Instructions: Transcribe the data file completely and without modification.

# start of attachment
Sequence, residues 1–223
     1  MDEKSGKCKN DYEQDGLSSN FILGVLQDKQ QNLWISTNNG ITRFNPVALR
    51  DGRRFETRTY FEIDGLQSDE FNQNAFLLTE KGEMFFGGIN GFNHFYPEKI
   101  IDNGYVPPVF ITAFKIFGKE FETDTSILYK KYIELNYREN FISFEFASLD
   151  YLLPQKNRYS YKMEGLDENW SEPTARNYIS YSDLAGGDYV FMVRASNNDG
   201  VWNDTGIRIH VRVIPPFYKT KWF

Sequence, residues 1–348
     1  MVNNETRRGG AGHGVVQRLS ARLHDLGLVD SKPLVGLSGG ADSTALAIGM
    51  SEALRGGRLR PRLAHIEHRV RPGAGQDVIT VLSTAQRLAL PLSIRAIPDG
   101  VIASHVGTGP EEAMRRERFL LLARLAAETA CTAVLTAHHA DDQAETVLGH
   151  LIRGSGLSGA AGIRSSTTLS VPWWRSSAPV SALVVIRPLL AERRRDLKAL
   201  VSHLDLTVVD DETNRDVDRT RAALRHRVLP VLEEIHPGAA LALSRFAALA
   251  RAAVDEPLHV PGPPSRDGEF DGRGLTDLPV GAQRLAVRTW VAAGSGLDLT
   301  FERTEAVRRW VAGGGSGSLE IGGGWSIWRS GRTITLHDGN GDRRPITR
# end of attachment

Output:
Sequence, residues 1–223
     1  MDEKSGKCKN DYEQDGLSSN FILGVLQDKQ QNLWISTNNG ITRFNPVALR
    51  DGRRFETRTY FEIDGLQSDE FNQNAFLLTE KGEMFFGGIN GFNHFYPEKI
   101  IDNGYVPPVF ITAFKIFGKE FETDTSILYK KYIELNYREN FISFEFASLD
   151  YLLPQKNRYS YKMEGLDENW SEPTARNYIS YSDLAGGDYV FMVRASNNDG
   201  VWNDTGIRIH VRVIPPFYKT KWF

Sequence, residues 1–348
     1  MVNNETRRGG AGHGVVQRLS ARLHDLGLVD SKPLVGLSGG ADSTALAIGM
    51  SEALRGGRLR PRLAHIEHRV RPGAGQDVIT VLSTAQRLAL PLSIRAIPDG
   101  VIASHVGTGP EEAMRRERFL LLARLAAETA CTAVLTAHHA DDQAETVLGH
   151  LIRGSGLSGA AGIRSSTTLS VPWWRSSAPV SALVVIRPLL AERRRDLKAL
   201  VSHLDLTVVD DETNRDVDRT RAALRHRVLP VLEEIHPGAA LALSRFAALA
   251  RAAVDEPLHV PGPPSRDGEF DGRGLTDLPV GAQRLAVRTW VAAGSGLDLT
   301  FERTEAVRRW VAGGGSGSLE IGGGWSIWRS GRTITLHDGN GDRRPITR